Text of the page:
13 Oct 2012

Nature Notes - October 2012 - Pete Lambert

I must begin with an apology. I had only meant to jump out of the darkened stone walled chamber and with a roar make my fellow castle explorer jump a little. Instead he just groaned at the predictable and not unexpected attempt to surprise, but I had surprised something. The slumbering bat above us was stunned into grumpy wakefulness. Hanging upside down, his wings folded alongside his body, the bat wrinkled his mouth and nose in annoyance and what I took at first to be the angry V of furrowed eyebrows but were actually ears, twitched and signalled his tetchiness.  This Daubenton’s bat had chosen to spend its daytime roost in the gloom of one of Hopton  Castle’s remaining rooms.  Bats collect sound waves to help them navigate by a form of sonar, this aural sensitivity the result of an evolutionary road that lead to flight and a nocturnal lifestyle to avoid predators and establish a niche in a crowded natural world. It also made it vulnerable to the rowdy bellow of this clumsy visitor.

The night time world attracts its own distinctive fauna. Driving back via Mile End services on the A5 we were passed by a barn owl, this large light coloured bird had skirted over the roundabout and twisting past a road sign, headed off into the fields beyond. Later as we headed down the homeward lane I was able to swerve and avoid adding a hedgehog to the toll of road traffic victims. This reminded me that a few weeks earlier I had found a slow worm, minus tail, which had succumbed to injury on a quiet back lane near Llangollen.  Both the hedgehog and barn owl run great risks from vehicles, the owl specifically from high sided vehicles. The hedgehog is a danger to itself as its reaction to imminent threat is to curl up into a prickly ball!

The Hedgehog is Britain’s only spiny mammal, an unfussy eater of beetles, caterpillars and earthworms, a good swimmer and though vulnerable to man-made dangers a determined adult with its 5000 spines can deter most natural predators. They are usually nocturnal, though we recently stopped to allow an adult to pass us when on a trip to Montgomery. At this time of the year the young are busy foraging for those vital fat reserves to carry them through the winter hibernation. Late born hoglets tend not to survive the winter and may also be abandoned by the mother if the nest site is disturbed, though juveniles will be carried to safety. Hedgehogs are inquisitive, nosing out slugs and other morsels around the garden. Sadly many fall victim to accidental poisoning by the use of chemicals such as metaldehyde which is found in blue slug pellets. This chemical persists and will eventually find its way into our rivers and is a major pollutant. It is extremely difficult to remove during water treatment and compromises our wildlife and water supplies nationally.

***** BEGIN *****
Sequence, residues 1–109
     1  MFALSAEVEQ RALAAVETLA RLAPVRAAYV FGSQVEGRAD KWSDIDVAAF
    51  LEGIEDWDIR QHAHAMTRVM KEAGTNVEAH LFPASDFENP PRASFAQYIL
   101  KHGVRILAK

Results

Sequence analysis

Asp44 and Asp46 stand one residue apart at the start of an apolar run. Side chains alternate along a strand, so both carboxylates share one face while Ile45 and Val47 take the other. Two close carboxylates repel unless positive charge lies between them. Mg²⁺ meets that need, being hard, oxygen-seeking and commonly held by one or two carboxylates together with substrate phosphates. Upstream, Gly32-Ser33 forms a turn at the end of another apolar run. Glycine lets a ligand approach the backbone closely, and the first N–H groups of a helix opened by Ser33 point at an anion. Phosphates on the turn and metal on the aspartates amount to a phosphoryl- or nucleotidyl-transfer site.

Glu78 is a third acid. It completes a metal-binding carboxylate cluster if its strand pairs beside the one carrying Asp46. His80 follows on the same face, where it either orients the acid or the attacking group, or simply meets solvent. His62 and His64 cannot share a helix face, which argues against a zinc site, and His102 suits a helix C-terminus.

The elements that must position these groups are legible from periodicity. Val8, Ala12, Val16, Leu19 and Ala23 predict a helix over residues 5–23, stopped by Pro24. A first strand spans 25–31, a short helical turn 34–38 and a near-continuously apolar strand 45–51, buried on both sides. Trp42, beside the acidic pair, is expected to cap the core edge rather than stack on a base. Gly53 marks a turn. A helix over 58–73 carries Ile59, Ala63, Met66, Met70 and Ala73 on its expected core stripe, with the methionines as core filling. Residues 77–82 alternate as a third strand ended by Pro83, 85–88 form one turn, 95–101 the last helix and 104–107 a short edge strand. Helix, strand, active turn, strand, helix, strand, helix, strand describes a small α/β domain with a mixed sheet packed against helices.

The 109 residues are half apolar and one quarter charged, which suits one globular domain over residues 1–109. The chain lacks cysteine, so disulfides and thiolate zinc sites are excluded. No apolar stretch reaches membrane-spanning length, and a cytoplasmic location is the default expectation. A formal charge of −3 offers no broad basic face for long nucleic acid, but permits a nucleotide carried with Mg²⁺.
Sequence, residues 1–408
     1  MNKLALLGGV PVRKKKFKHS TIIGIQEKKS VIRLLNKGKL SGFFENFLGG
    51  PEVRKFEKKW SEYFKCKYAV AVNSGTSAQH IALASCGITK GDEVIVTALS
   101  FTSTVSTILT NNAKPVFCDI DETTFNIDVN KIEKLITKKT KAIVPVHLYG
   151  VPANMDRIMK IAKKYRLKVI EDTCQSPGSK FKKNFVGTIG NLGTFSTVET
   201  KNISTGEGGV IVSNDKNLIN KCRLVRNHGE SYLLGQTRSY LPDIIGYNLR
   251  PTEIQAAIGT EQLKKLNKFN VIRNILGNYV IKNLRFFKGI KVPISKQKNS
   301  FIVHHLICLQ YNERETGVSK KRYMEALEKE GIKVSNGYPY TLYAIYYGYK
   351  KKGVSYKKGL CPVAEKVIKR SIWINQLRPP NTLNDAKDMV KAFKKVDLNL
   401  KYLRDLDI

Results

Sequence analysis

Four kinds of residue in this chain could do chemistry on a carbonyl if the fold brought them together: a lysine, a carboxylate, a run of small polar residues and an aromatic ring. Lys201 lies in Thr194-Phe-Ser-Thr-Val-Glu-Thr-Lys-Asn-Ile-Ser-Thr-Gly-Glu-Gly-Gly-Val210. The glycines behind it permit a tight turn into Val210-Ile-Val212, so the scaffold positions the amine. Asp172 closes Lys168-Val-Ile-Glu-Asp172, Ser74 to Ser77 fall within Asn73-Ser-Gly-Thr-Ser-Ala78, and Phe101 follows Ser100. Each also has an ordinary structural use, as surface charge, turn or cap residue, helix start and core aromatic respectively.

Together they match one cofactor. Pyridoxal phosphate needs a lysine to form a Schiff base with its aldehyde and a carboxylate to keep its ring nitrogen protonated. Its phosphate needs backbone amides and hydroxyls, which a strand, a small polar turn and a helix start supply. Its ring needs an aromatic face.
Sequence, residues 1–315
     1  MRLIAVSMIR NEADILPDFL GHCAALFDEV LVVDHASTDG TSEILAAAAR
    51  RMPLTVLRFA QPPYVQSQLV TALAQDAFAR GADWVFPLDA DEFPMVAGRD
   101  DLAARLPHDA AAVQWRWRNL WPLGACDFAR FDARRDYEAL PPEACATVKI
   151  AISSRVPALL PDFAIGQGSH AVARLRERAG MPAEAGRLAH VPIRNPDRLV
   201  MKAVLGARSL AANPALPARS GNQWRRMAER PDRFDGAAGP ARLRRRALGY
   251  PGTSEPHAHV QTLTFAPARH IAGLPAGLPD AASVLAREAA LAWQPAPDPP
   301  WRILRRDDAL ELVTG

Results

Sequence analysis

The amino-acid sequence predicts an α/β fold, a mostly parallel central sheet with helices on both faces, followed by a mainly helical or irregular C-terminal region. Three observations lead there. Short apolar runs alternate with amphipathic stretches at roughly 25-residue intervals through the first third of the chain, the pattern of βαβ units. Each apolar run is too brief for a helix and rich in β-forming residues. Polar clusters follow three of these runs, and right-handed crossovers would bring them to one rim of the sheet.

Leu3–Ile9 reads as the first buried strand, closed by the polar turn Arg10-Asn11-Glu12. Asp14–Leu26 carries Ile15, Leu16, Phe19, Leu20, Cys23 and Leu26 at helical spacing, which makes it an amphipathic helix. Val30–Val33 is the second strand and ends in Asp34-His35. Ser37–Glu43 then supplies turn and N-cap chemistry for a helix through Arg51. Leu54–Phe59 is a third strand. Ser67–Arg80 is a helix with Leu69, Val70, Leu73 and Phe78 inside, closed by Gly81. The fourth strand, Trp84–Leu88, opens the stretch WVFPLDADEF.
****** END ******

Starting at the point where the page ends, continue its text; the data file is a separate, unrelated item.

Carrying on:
It is not only our mammals that take refuge in the dark. In the matrix of ivy above the chicken coop the gang had noticed numerous small, feathery grey bundles. Going back out with a torch, a closer look revealed exactly where that flock of sparrows goes to after a busy day eating the scattered chicken feed, missed by the pecking egg-layers below. House sparrows are a gregarious species, hanging around in mixed groups of males and females, the many eyes of the flock alert for danger. The torch revealed that not all the birds were asleep at the same time, a few watchful eyes keeping their snoozing fellows safe till the dawn flight.

Night or day carries great danger for our wildlife as it adapts to dominate one cycle while hiding away in another. Even with such fine tuning in behaviour and habit close escapes can occur, like our garden toad who attracted by the slugs underneath our tin can recycling box had taken to resting up in an empty can to avoid the drying heat of the day. That was until I decided to flatten all the cans with a heavy wooden mallet, fortunately I had to empty the rainwater from the cans and found our toad mate before the hammer fell!

Happy wildlife spotting whether night or day, regards Pete